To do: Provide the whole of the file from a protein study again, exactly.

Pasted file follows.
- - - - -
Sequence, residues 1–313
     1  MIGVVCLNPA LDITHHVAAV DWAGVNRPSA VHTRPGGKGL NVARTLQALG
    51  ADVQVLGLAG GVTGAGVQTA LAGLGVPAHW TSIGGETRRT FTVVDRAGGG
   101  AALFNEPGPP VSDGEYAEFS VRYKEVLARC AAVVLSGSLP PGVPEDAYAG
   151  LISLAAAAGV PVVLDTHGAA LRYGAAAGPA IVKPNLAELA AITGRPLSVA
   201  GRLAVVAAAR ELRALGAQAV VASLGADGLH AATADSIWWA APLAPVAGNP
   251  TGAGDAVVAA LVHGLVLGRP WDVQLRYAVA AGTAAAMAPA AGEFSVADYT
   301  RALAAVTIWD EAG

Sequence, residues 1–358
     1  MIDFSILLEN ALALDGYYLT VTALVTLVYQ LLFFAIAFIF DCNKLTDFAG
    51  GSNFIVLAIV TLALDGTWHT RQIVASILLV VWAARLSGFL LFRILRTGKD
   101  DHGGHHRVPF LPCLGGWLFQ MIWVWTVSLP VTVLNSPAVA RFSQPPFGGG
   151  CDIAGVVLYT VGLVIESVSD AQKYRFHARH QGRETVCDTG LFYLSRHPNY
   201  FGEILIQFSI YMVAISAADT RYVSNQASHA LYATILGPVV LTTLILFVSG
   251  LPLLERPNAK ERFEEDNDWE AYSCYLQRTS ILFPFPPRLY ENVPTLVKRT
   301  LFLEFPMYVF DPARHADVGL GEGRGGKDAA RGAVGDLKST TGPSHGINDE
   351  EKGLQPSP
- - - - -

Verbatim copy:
Sequence, residues 1–313
     1  MIGVVCLNPA LDITHHVAAV DWAGVNRPSA VHTRPGGKGL NVARTLQALG
    51  ADVQVLGLAG GVTGAGVQTA LAGLGVPAHW TSIGGETRRT FTVVDRAGGG
   101  AALFNEPGPP VSDGEYAEFS VRYKEVLARC AAVVLSGSLP PGVPEDAYAG
   151  LISLAAAAGV PVVLDTHGAA LRYGAAAGPA IVKPNLAELA AITGRPLSVA
   201  GRLAVVAAAR ELRALGAQAV VASLGADGLH AATADSIWWA APLAPVAGNP
   251  TGAGDAVVAA LVHGLVLGRP WDVQLRYAVA AGTAAAMAPA AGEFSVADYT
   301  RALAAVTIWD EAG

Sequence, residues 1–358
     1  MIDFSILLEN ALALDGYYLT VTALVTLVYQ LLFFAIAFIF DCNKLTDFAG
    51  GSNFIVLAIV TLALDGTWHT RQIVASILLV VWAARLSGFL LFRILRTGKD
   101  DHGGHHRVPF LPCLGGWLFQ MIWVWTVSLP VTVLNSPAVA RFSQPPFGGG
   151  CDIAGVVLYT VGLVIESVSD AQKYRFHARH QGRETVCDTG LFYLSRHPNY
   201  FGEILIQFSI YMVAISAADT RYVSNQASHA LYATILGPVV LTTLILFVSG
   251  LPLLERPNAK ERFEEDNDWE AYSCYLQRTS ILFPFPPRLY ENVPTLVKRT
   301  LFLEFPMYVF DPARHADVGL GEGRGGKDAA RGAVGDLKST TGPSHGINDE
   351  EKGLQPSP